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"Rich in themes, symbolism, conflict and character…. It's also, for those who just want a good tale, a brilliant piece of storytelling that combines magical realism in the tradition of writers such as Gabriel Garcia Marquez with comedic looks at human foibles and misunderstandings a la Shakespeare's A Midsummer Night's Dream."—The Fort Worth Star-Telegram
"Exuberant and virtuosic.... Conflict takes on a teeming array of forms in Cellophane: whites versus natives, religion versus magic, feudalism versus revolution. It’s a vision of the rain forest as a place where every strain of human drama grows as tangled as the encroaching vines—and in depicting this, Arana has wound her themes together with an energetic, subtly controlled wildness."—San Francisco Chronicle Books
"Marie Arana's sumptuous, often erotic and wholly enchanting novel, Cellophane…. owes a debt to the magical realism of Gabriel García Márquez and Isabel Allende…. A superb example of the magic that a gifted storyteller can work with ink and paper."—Los Angeles Times Book Review
“Arana’s writing is both lush and funny…. This is a great book.”—People
"An absolutely spellbinding tale…. Arana's prose is captivating, and she provides some incredibly beguiling moments."—Philadelphia City Paper
From the Hardcover edition.
A Plague of Tongues
Many years later, when the wise men gathered with their pierced faces and carved gourds to purify the streets of Floralinda, they agreed they should have known a run of plagues would curse this town. There had been signs, they muttered, sprinkling the hard earth with river water. There was the coughing dog. The blue-skinned boy.
The little white terrier, Basadre, a normally mild, unexcitable creature, had spun through Don Victor Sobrevilla's house whining and frenzied, chasing his tail in perfect circles. There was a madness to his movements--out of control, yet full of grace--a four-legged tango marked by perfect concatenations of the figure eight.
The children laughed, following the dog through the corridors of the mansion, humming, spinning, somersaulting behind him, crashing against furniture until the air clattered with the sounds of the family silver. It began on the top floor of the house, when Basadre came to the doorway of the schoolroom, issued one last bark--a high, strident little cry--then twirled down the stairs to the second floor with its narrow passageways, cavernous bedrooms, and faded mirrors. The five children, age four to ten, sprang from their chairs, so delighted by the sight of the dancing dog that their teacher, Senorita Marcela, didn't have the heart to stopthem. They followed the animal, shrieking and bumping along walls so that lizards leapt out and scurried under the carpets in terror. By the time they reached the ground floor, they had chased the little dog over the black-and-white tiles of the foyer, in and out of the portrait-hung sala, around the vast mahogany table in the dining room, and stampeded toward the sacred sanctuary of their Aunt Belen's library. The din from Don Victor's grandchildren was so resounding that Boruba, the chief ama of the house, leaned out from the kitchen and with one earsplitting bellow--"Callense!"--dispersed them and sent the ill-fated creature staggering out into the patio, where he sank to the floor and began the terrible business of his coughing. It was a cough such as no one in the Sobrevilla house had ever heard before--dead-dry and brittle, like the rat-tat-tat of a dull hatchet against the trunk of a caoba tree. Basadre coughed and coughed, his white hair matted with sweat, his eyes flat as two desert stones.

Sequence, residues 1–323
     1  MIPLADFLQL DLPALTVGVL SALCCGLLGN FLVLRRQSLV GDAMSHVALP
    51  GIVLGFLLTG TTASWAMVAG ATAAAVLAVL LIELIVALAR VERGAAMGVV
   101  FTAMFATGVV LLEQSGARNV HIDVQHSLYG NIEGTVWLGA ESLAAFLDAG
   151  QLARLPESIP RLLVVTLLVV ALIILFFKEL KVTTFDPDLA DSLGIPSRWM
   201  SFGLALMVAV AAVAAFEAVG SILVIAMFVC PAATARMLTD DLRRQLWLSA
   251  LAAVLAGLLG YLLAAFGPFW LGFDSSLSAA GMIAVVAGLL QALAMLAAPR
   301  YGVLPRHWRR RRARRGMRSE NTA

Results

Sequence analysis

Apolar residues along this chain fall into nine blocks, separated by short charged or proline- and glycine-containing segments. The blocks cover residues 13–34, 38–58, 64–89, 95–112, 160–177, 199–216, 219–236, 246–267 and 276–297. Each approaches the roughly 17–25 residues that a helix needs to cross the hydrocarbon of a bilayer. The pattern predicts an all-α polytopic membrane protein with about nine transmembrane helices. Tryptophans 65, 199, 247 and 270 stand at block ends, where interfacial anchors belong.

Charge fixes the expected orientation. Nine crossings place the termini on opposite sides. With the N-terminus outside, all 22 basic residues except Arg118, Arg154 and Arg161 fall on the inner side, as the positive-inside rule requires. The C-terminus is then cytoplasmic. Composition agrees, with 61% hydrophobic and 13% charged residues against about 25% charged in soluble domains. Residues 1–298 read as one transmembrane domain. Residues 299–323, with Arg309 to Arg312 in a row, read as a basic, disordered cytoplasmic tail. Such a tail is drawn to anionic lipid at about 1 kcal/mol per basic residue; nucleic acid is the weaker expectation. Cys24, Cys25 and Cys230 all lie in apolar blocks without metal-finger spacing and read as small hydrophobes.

Don Victor emerged from his workshop, waving his arms and shouting that he couldn't work with all the racket. "Que barbaridad!" he cried. "Here I am putting the last touch of solder on the machine that will bring this misery of a lizard town to glory, and I have to listen to the endless hacking of a demon mutt?" He held a goosenecked pincer in one hand, a ball of wire in the other, and it was clear that he had been in his workshop far too long, for he had that frazzled look--thin hair sprouting skyward, cravat all askew.
Dona Mariana swept downstairs when she heard her husband shouting on the patio. "I'm coming, querido! Coming!" Her long silvery hair streamed along her shoulders, as it always did during the hour of the siesta, and her dress was unhooked from underarm to hip. Struggling to tuck her ample bosom into place, she secured one or two hooks and called to Pedro the gardener to move the poor animal out of the sun and into a cool place under the potted cherimoya tree. Pedro had grown to love Basadre and wanted to make him more comfortable, but try as he might, he couldn't lift the poor animal; it was as if Basadre had attached himself to the floor, sent roots into the tilework.
They all came after that: four generations of family members, one by one, registering their concern with varying degrees of dismay. The villagers, in clusters of two and three, came winding up the long path and peered over the brick barricade that had been erected to keep dangerous reptiles from slithering in when the mighty Ucayali overflowed its banks. A barricade without a dog was pointless, and the people of Floralinda knew it. Dogs were invaluable in the jungle. Don Victor had purchased the terrier on a visit to Pucallpa twelve years before and named him after Jorge Basadre, Peru's minister of roads, who had built the highway from Lima to Pucallpa. Just as Basadre, the man, had felt the call to open the Amazon to the world, Basadre, the dog, felt the call to keep it from spilling into his master's house. He could sense a poisonous reptile before a human could, unearth nests of destructive soldier ants, smell wildmen as they moved swiftly along the rim of trees, waiting to raid the cornfields. The villagers filed past the sick animal, clucking their tongues. Basadre was small, but he had been fierce.